Lamination can be done by several methods. One method is to co-extrude the white and clear layers together by means known in the field. Another means is by adhesive lamination of separately produced clear and white films. Another means is by coextruding an interlayer of polymer onto either the white or clear films or both, then heat laminating the layers together by means known in the field. For a three-dimensional white ‘layer’, the clear film could be coextruded with adhesive or a meltable polymer and then applied to the white substrate ‘layer’. Any means of lamination is acceptable.
Another embodiment coats the back of a clear BSP or BSPN film with a white material. For example, flood coating can be used. Or, the clear film can be dye sublimated and then the back can be coated by the end user with a peel-and-stick white layer or even painted white. The laminate can have any number of layers or coatings, provided the photo-receptive layer is BSP or BSPN or other bi-axially stretched polymeric films and is backed directly or indirectly with a white or light layer that makes the sublimated graphic show up acceptably. For a very stiff laminate, for example, two layers of 0.014 inch thick BSP plus one or two clear BSP or BSPN or the like outer layer(s) could be laminated together. This could be used for signage, for example, or for durable recording of wedding photos, or for a photo that could be placed on a desk with only a stick-on stand but no frame.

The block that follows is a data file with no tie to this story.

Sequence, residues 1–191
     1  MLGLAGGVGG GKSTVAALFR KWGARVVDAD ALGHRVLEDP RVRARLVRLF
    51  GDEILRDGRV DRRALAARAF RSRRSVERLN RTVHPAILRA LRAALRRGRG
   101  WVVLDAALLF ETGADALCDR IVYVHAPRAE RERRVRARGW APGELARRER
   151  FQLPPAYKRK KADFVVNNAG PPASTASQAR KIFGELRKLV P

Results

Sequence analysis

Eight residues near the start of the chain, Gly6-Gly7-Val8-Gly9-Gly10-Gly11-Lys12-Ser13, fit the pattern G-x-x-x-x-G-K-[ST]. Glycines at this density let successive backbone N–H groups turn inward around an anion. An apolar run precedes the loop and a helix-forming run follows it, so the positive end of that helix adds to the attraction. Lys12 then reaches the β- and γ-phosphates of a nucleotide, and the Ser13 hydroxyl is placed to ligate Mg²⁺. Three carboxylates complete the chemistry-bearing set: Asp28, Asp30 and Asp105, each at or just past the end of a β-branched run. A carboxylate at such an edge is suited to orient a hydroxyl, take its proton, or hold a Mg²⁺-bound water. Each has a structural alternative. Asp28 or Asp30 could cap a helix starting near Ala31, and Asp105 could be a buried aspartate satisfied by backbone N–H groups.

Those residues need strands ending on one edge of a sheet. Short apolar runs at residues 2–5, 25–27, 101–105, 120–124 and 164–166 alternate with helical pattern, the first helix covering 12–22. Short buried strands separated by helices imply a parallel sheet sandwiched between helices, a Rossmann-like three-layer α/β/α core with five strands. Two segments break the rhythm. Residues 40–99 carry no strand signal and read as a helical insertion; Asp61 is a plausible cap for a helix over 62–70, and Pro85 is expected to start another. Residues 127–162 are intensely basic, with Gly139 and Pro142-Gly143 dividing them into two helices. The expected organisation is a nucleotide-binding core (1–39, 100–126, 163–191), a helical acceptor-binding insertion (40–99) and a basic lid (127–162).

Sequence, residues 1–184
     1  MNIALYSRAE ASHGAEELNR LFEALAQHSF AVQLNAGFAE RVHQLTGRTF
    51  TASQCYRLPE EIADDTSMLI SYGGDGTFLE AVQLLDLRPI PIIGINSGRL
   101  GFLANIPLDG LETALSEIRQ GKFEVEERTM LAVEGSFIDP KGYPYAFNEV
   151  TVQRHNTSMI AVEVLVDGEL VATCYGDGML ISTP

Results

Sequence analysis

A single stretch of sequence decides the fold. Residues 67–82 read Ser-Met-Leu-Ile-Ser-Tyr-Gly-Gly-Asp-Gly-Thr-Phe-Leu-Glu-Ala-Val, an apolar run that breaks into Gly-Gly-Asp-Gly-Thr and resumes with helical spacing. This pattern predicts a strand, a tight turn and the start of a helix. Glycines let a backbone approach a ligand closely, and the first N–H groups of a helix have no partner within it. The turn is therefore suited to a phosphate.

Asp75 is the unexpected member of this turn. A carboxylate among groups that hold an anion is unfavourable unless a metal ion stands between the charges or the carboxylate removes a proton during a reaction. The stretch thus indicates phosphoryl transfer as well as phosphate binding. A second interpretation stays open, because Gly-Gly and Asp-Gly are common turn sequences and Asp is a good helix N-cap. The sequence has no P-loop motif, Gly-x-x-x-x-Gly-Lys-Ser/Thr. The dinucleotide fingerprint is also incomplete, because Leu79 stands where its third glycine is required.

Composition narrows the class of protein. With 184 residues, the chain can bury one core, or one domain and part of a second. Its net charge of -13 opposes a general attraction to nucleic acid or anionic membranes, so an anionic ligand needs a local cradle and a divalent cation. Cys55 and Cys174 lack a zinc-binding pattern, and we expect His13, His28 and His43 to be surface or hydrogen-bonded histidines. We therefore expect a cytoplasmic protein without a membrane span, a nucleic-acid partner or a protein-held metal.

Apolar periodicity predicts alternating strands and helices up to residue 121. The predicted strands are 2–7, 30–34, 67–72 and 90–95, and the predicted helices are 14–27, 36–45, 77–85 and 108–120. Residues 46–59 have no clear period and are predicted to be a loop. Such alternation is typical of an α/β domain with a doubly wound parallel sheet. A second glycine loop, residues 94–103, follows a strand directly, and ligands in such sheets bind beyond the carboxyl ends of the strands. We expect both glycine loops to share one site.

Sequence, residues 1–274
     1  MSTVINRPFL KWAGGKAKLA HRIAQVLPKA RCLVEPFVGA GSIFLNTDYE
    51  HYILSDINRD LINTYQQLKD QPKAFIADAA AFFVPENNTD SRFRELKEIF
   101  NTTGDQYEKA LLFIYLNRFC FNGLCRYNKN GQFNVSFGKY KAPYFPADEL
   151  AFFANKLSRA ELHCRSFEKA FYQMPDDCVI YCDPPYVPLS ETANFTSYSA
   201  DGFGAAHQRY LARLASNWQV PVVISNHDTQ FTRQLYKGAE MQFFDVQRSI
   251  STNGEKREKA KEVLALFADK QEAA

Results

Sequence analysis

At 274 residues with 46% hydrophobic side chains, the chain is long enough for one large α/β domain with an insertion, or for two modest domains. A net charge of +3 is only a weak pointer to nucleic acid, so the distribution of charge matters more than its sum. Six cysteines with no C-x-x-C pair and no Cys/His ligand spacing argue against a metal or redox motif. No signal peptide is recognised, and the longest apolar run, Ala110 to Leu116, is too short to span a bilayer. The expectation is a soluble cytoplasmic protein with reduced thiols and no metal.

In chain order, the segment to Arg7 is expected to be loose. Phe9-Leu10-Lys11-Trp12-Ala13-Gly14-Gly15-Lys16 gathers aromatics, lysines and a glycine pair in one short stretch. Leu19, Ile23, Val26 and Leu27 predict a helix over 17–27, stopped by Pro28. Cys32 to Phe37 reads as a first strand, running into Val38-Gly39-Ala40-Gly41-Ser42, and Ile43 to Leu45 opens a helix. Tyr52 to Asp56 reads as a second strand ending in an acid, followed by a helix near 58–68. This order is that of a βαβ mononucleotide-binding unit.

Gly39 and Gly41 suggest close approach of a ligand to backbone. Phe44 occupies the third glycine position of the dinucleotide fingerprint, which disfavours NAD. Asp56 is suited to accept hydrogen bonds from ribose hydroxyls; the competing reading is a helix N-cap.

The biaxial stretching is important in that it provides crystallinity to the polymer; otherwise, the transfer paper may stick to the polymer or the polymer may deform under the heat of dye sublimation.